• Alissa says:

    Since there’s no guarantee either way, I’d take my fate in my hands and go on foot. Standing and waiting for the train would be too much anxiety. But when I’m moving myself, at least I’ll feel like I was accomplishing something. Who knows, maybe the train will catch up with me and I’ll get to ride partway.

    Plus, free exercise. 🙂

  • Gayle says:

    I RUN! If I am at 18 and I have to get to 70 and there are 2 terminals on each side then I have to run past 26 terminals and hope there aren’t a lot of shops or restaurants …….. I would just rather trust myself than a train where it could stop often. If, while I am running I notice another plan then I can change but I would hustle over there right away.

  • David Yakobovitch says:

    Your life is a journey. Along that journey you will experience checkpoints.
    The new airport in Burundi – a checkpoint. Security – a checkpoint. There are also stops.

    Stops let you take action. Arbitrary, unknowing, and trusting. That express train could skip your gate or open at A70. You could save or lose precious seconds. You don’t know.

    The beauty of the unknown – you can control your destiny. This unknown stop at terminal A occurred for a reason. Your decision will make all the difference.

    Those few extra seconds you waited for an Express Train were enough to observe the violinist performing in the corner. That seemingly slow ride on the train? It inspired you to chat with a single parent. You made her day. And giving up the last outlet at gate A70 to charge your iPad? A college student saved enough juice to call his family in Spain before the flight. His parents smiled when he called.

    These pauses matter. Perhaps, they caused you to miss your flight. An inconvenience at worst, the experience on your journey made all the difference.

    Your journey matters. Take the intuitive choice. Discard all regrets. You’ll be alright. Even if your next flight is in 8 hours at A18.

  • Carly-Ann says:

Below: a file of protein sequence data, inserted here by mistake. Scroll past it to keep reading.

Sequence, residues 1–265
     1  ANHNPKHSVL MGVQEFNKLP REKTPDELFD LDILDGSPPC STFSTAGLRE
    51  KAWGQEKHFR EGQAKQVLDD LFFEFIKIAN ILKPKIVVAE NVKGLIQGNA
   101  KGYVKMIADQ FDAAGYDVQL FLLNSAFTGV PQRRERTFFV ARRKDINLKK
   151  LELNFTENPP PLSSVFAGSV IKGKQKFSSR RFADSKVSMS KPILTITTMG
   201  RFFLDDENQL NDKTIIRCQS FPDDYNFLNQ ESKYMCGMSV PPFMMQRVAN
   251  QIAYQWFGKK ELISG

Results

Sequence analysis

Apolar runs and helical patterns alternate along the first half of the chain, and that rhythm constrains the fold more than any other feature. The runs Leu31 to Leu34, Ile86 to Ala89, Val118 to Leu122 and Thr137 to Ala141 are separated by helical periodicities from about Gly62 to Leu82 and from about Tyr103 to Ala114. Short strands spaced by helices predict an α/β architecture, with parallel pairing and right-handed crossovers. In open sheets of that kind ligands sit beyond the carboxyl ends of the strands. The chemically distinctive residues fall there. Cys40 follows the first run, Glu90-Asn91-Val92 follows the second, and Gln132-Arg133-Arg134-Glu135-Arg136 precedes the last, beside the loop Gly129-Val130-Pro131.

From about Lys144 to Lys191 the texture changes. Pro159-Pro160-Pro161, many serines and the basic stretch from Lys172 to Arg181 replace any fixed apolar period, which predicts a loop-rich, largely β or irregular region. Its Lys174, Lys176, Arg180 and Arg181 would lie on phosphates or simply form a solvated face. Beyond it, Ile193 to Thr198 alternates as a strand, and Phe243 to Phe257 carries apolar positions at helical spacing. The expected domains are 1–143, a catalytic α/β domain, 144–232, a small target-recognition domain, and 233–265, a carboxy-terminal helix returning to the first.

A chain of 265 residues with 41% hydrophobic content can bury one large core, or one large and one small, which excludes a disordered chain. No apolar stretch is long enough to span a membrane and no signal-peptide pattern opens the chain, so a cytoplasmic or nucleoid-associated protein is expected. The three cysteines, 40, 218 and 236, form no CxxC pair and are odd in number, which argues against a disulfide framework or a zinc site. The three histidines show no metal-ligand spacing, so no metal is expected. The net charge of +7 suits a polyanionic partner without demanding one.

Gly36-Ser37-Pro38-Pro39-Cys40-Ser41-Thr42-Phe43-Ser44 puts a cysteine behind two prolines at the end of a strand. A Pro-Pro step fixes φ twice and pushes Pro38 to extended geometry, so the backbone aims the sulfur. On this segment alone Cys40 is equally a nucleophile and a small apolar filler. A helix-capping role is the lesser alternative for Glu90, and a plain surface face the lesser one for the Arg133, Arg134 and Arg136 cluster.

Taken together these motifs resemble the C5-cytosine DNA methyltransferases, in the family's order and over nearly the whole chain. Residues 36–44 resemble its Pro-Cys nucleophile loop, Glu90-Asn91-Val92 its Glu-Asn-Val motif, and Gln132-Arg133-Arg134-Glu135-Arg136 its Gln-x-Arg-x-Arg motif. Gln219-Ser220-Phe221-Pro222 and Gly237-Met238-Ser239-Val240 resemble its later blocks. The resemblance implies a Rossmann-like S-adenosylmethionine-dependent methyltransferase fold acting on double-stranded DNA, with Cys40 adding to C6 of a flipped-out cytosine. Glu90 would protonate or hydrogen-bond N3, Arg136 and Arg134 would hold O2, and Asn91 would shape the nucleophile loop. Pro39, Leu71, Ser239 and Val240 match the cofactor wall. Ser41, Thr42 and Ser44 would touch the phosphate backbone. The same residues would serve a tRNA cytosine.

Walk. Without question. The movement would take care of the panic in my mind. Sitting idly, my fate left to something outside my control would kill me!

  • Michel says:

    ASK ! Look around you for an airport employee, janitor, cleaner, Air crew, other passengers heading towards the train… and simply ask which is faster.

  • Jonathan says:

    Here’s what you do.

    Start running next to the train track. If a train arrives, get on for a breather. As long as the train doesn’t stop too much, enjoy the ride. But if it stops more than 2 times, get off and run. Never stop moving! You’ll be sitting between a couple sweaty old men before you know it.

  • ekbmills says:

    I’m disabled. Walker bound. So, I walk. sometimes I’ve been lucky and a drive by agent will appear, but I never count on that. I ask them to hold at the gate but seldom that works. Deep breath. Prepare to miss it and be surprised and cheered if I don’t.

  • Taryn says:

    This sounds like the first time I was at Heathrow on my return trip to the states (first time abroad). Whenever confronted by an “Uhh, what do I do” situation, I take the time to deep breath. Then I ask myself, “This or that,” and I listen to what my body says and do it.

    That first time I choose to walk briskly and arrived in good time and not a sweat-a-saur. :). I agree with others, even if I missed the plane, I’ve have the satisfaction of knowing I tried.

  • Leon says:

    I agree with the walkers, but there are some ways to speed up the trip or slow down the timer:

    1. If you see a cart, flag it down and claim that you’ve injured your foot or leg and need assistance getting to your terminal in time.

    2. If a cart is already carrying a passenger, see if you can hop on the back so far as they’re going the same direction as yourself.

    3. If there are vendors about, find one in the area of least surveillance, then buy a pre-paid phone card with cash, handle it with gloves, call in a bomb scare concerning the plane at your gate, then go to the restroom and dispose of the phone where there *shouldn’t be* any cameras. This is obviously an anti-social solution…but it could certainly buy the time you need to get on the flight, especially if your plane was evacuated before being allowed to depart.

  • Stephanie Holcombe says: